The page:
The Leica SL body is a bit larger than a Sony a9, but considerably smaller than most other DSLRs in the industry. While the SL is about a pound lighter than my current Canon 1Dx and even more so than the Canon 1DX II, I think the volume is a more valuable savings than its weight. I can use a smaller pack with this camera because it takes up less space.
The Leica SL Joystick and Autofocus
The Leica SL autofocus system is set up similar to today’s professional cameras. There is a joystick on the back panel that allows you to switch between the 529 individual autofocus points throughout the viewfinder. The joystick is simple and easy to move using your thumb. It also has a very different feel to it than my Canon. I don’t think it functions any better or worse, it just feels different.
In addition, I didn’t get the chance to shoot the SL in a high-speed action scenario, but camera/lens combination didn’t have any trouble acquiring focus on the subjects that I pointed the camera at. I definitely want another test session where I can try the auto focus on a fast-moving subject.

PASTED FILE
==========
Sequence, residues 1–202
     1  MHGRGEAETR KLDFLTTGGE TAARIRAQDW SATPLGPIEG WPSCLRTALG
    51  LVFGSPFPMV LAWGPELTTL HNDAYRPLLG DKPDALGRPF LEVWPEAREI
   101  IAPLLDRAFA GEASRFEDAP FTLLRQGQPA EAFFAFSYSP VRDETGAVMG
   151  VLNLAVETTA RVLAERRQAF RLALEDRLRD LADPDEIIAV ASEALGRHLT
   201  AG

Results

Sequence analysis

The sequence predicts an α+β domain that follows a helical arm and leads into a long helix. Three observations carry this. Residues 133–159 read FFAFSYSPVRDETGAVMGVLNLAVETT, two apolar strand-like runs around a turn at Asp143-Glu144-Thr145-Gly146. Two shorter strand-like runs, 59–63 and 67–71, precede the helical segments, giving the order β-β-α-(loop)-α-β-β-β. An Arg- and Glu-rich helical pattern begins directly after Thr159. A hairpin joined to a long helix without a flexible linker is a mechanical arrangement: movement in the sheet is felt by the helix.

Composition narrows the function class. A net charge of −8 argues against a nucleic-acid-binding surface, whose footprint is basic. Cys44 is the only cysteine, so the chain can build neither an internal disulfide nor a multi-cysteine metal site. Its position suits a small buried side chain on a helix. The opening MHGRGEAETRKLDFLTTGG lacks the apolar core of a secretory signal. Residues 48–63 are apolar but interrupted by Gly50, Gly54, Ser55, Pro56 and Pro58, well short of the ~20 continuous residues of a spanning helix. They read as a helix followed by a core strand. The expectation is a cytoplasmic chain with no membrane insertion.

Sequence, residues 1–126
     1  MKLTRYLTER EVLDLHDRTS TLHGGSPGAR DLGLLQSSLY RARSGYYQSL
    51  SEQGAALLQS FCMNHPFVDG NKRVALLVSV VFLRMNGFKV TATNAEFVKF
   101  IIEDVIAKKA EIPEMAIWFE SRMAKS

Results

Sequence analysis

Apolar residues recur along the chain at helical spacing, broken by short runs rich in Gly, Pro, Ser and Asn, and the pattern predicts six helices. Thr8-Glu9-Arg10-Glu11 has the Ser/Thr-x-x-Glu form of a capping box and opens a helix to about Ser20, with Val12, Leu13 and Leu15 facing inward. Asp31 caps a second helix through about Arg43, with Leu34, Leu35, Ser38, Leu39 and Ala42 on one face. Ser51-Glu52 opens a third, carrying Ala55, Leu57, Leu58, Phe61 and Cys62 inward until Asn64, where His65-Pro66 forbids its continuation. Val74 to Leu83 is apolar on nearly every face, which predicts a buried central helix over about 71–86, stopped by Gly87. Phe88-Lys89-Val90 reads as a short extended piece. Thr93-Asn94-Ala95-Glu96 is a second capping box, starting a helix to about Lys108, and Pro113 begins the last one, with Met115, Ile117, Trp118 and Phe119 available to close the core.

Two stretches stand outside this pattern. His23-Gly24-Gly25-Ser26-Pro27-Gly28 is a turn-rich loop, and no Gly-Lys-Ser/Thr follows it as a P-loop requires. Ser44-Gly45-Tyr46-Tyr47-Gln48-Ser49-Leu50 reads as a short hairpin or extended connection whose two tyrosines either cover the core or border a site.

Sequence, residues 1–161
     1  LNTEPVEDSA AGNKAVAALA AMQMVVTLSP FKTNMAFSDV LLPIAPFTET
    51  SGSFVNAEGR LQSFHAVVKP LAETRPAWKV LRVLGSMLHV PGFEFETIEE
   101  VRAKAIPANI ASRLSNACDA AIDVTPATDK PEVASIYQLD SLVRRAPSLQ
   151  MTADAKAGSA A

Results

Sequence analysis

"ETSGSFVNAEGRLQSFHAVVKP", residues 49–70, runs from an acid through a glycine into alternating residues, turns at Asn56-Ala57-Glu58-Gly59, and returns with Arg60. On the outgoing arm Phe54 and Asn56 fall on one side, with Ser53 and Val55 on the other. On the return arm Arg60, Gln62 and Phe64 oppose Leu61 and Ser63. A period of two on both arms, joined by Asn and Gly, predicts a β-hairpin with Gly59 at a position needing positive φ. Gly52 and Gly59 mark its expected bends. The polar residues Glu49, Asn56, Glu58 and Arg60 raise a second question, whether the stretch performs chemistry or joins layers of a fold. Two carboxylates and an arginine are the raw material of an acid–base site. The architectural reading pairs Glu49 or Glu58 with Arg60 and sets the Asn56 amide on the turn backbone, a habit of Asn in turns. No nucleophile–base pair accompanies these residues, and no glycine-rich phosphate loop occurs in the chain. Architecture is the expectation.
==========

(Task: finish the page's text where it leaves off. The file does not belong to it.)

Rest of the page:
Leica SL Sensor and Noise
The SL comes with a 24MP sensor 6000 x 4000 effective pixels. This sensor size seems to be the new norm in 35mm full-frame sensors. I know many of you base your decisions on the ratings that DxO Mark gives to cameras in their scientific laboratory tests. NOTE – I use the laboratory tests as a basic, starting-point guide, because numbers have never translated into usability for me. The SL scores an 88 – the same as the Canon 1DX II and below the new Sony a9 which comes in at 92. These scores are out of 100. This tells me that all of these cameras are really close from a photo quality standpoint. So close that the end user may or may not be able to notice the slight differences.
I personally didn’t mess around with lower ISOs and went directly for the mother load – 12,500 and 25,000 (click to enlarge).